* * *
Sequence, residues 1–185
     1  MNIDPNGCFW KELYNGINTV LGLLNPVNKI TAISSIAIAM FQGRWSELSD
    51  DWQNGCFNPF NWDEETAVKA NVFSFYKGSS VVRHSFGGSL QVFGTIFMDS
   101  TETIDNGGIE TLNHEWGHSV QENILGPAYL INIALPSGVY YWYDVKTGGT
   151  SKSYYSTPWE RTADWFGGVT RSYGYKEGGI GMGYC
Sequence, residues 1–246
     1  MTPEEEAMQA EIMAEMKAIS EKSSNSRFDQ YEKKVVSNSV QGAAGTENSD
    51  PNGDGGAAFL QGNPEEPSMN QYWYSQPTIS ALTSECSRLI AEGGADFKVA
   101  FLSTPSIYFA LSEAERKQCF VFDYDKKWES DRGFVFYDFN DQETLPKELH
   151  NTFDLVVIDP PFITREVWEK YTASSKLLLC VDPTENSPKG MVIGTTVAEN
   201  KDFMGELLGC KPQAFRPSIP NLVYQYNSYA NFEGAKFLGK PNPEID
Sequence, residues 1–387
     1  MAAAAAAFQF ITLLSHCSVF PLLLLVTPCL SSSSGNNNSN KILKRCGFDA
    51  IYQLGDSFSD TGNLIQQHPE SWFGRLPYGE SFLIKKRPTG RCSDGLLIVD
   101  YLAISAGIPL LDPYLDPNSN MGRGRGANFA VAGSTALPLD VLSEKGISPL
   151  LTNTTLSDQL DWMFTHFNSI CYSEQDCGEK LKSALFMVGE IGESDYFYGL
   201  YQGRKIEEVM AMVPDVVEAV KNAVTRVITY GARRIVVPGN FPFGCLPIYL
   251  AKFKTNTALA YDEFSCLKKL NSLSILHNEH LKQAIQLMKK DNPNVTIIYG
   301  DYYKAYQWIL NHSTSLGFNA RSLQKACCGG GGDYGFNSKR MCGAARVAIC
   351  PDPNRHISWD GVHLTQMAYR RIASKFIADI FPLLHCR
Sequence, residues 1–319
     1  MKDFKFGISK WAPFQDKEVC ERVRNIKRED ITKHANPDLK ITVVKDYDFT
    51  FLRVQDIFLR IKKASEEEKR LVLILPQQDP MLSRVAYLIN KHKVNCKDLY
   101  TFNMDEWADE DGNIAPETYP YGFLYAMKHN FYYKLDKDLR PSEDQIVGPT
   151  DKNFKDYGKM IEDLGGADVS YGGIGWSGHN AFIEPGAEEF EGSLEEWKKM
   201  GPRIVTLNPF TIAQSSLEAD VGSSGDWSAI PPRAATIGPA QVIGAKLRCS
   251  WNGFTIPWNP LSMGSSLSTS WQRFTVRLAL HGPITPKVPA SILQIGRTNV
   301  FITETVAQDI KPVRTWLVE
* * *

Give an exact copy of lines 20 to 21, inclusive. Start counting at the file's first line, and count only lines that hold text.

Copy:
   351  PDPNRHISWD GVHLTQMAYR RIASKFIADI FPLLHCR
Sequence, residues 1–319